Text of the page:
Luis Jacob's Albums and the Subjectivity of Aesthetic Experience
Covered in strongly connotated images such as a picture of Yves Klein’s Monotone Symphony, a famous performance that took place in 1960, and one of the touching photographs of Lutz and Alex that Wolfgang Tilmans took in the 90s; the gallery walls of the Montreal based University, UQAM, were transformed by a line of visual references recalling what could have been an infinite and rhythmic moodboard for an art direction project. Album XII, an exhibition that took place between October 21st and December 10th as part of the Montreal Biennial, was the most recent demonstration of the Peruvian artist Luis Jacob, who is now living in Toronto.
The first Album was presented about fifteen years ago, but since then, Jacob has taken his idea further. His work has now been showcased in notorious art manifestation such as the 2007 Documenta in Kassel and a part of his series is now owned by the Museum of Modern Art in New York.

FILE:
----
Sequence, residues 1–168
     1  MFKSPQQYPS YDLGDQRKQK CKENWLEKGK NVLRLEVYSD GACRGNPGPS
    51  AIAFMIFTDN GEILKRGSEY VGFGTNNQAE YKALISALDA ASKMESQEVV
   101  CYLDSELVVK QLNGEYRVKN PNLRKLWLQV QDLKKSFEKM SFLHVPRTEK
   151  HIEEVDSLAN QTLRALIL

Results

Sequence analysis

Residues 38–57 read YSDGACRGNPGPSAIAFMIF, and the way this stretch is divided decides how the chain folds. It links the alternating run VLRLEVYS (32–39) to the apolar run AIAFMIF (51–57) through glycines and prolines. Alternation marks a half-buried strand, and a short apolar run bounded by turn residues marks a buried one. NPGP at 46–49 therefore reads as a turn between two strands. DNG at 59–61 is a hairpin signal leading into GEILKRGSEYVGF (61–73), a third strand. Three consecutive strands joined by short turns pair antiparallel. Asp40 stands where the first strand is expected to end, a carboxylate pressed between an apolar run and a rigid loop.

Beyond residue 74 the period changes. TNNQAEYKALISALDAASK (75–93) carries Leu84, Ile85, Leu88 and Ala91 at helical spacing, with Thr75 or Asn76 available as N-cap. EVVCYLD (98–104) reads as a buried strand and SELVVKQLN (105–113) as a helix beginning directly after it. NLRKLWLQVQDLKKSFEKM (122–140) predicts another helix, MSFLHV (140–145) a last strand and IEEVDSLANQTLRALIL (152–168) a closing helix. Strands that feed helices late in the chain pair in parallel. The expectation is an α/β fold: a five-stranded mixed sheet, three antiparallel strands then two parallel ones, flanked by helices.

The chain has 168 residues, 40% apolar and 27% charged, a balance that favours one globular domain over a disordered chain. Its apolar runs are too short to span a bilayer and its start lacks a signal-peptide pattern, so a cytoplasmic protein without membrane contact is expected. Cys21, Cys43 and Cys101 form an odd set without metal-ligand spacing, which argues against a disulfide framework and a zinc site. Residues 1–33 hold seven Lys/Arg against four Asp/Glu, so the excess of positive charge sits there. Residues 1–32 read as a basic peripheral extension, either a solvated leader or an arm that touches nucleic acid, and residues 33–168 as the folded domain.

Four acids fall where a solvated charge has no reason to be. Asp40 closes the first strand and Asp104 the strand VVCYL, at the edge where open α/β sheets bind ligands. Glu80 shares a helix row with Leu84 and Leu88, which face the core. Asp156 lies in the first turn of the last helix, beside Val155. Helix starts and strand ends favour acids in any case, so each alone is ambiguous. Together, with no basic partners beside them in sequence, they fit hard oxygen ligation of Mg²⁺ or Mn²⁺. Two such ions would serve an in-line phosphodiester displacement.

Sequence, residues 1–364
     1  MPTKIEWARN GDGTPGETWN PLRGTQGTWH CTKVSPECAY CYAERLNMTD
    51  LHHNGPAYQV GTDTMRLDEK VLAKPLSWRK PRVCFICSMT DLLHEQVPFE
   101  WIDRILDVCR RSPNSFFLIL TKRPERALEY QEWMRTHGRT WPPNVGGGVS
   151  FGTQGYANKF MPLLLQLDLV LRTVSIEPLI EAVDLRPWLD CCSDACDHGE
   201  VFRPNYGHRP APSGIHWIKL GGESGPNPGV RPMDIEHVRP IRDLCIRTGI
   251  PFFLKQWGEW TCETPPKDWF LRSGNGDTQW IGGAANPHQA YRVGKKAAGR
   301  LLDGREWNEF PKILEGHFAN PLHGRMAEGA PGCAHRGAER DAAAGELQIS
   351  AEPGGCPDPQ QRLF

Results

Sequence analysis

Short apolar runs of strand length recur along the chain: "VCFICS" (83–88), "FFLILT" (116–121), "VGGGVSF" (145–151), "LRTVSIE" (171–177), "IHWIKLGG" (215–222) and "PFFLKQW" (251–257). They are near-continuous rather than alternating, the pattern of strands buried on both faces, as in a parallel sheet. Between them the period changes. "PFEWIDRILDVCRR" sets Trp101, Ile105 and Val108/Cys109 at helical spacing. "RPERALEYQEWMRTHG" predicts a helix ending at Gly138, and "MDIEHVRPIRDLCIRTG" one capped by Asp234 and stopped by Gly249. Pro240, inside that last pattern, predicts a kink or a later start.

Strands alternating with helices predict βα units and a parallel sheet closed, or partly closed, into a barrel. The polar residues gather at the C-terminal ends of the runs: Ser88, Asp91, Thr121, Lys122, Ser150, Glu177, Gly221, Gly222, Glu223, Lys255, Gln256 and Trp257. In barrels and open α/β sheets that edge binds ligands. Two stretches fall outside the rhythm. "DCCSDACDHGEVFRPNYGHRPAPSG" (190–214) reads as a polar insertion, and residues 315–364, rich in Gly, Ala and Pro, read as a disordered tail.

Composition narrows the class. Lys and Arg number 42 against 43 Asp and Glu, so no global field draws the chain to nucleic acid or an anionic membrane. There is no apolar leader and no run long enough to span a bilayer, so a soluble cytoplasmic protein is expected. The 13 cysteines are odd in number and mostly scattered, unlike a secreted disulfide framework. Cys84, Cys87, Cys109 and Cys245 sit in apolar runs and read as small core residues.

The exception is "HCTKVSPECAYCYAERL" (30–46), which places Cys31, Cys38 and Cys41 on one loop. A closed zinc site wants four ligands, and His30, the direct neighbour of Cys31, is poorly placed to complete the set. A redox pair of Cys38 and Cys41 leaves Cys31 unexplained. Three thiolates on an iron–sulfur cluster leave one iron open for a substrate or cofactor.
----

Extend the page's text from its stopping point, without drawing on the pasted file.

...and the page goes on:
Jacob takes images that were published in different contexts in the past such as pop culture, art history and news, and then gives these images new meanings by using them into what the artist calls a linguistic construction. Most of the images are linked by formal similarities that allows us to navigate between architecture images to nude photographs.
The interesting idea explored by Jacob in the Albums is the fact that the pictures were not showcased in their usual context, nor were they credited; they were in fact assembled in a way to provide space to an infinity of narratives. What I personally found visually and conceptually attractive as I visited the exhibition probably fell into nothingness when I left the gallery, and someone with another background entered and gazed at other images.
In this piece, the artistic approach is close to the work of a curator; putting objects together to let the sense emerge by itself. The difference in Jacob’s work resides in the absence of a suggested meaning. There’s no implicit statement, as in the usual curatorial practice, directing the viewer to a planned emerging sense. Jacob’s Albums create a space where the spectator can project his own interiority through his comprehension of the images, from the links he creates between them. We see the image through an individual understanding, thus highlighting our identity and, in a sense, our own memory.
Through this artwork, Jacob gives space to the subjectivity of aesthetic experience, which was, and still is, the source of many debates in the art field. We are included in the piece’s artistic rhetoric by letting our consciousness reflect and shape the way we look at the images.
Photography Eve Laliberté